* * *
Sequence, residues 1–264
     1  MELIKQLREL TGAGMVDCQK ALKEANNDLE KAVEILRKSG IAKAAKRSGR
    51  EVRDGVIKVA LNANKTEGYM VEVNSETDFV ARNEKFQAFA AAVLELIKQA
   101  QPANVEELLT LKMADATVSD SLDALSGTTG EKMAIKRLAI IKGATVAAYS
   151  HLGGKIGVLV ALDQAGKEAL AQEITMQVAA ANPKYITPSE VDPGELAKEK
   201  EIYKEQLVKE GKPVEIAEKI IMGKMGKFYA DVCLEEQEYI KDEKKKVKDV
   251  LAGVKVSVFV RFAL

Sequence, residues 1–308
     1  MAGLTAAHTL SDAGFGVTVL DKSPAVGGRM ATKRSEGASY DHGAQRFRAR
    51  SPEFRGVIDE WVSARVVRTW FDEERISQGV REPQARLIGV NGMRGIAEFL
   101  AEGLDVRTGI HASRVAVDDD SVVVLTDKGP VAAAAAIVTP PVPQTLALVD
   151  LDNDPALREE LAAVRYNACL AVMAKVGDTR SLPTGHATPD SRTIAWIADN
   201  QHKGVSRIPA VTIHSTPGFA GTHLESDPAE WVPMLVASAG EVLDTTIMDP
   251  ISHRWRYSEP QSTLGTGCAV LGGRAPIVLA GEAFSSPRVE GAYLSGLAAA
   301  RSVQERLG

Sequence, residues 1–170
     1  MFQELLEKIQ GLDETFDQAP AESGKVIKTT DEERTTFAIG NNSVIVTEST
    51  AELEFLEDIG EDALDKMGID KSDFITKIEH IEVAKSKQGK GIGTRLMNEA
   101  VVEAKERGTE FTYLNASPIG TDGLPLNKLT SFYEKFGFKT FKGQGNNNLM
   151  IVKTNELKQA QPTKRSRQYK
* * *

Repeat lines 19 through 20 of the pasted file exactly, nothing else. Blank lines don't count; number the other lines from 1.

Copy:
   101  VVEAKERGTE FTYLNASPIG TDGLPLNKLT SFYEKFGFKT FKGQGNNNLM
   151  IVKTNELKQA QPTKRSRQYK